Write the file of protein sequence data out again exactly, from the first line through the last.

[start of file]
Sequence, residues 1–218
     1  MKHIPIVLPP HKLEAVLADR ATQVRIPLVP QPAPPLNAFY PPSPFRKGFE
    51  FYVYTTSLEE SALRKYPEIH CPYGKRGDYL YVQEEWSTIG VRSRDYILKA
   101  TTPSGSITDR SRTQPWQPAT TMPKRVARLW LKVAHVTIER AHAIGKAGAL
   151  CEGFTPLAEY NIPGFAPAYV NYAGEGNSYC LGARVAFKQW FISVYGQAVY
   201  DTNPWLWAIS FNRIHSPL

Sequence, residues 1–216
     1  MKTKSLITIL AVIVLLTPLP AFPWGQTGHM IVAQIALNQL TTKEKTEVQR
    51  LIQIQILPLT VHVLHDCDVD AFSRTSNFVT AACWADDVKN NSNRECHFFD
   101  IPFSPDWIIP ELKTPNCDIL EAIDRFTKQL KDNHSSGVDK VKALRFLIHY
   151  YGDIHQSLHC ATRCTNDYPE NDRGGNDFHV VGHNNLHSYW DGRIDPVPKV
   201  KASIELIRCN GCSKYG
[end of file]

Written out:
Sequence, residues 1–218
     1  MKHIPIVLPP HKLEAVLADR ATQVRIPLVP QPAPPLNAFY PPSPFRKGFE
    51  FYVYTTSLEE SALRKYPEIH CPYGKRGDYL YVQEEWSTIG VRSRDYILKA
   101  TTPSGSITDR SRTQPWQPAT TMPKRVARLW LKVAHVTIER AHAIGKAGAL
   151  CEGFTPLAEY NIPGFAPAYV NYAGEGNSYC LGARVAFKQW FISVYGQAVY
   201  DTNPWLWAIS FNRIHSPL

Sequence, residues 1–216
     1  MKTKSLITIL AVIVLLTPLP AFPWGQTGHM IVAQIALNQL TTKEKTEVQR
    51  LIQIQILPLT VHVLHDCDVD AFSRTSNFVT AACWADDVKN NSNRECHFFD
   101  IPFSPDWIIP ELKTPNCDIL EAIDRFTKQL KDNHSSGVDK VKALRFLIHY
   151  YGDIHQSLHC ATRCTNDYPE NDRGGNDFHV VGHNNLHSYW DGRIDPVPKV
   201  KASIELIRCN GCSKYG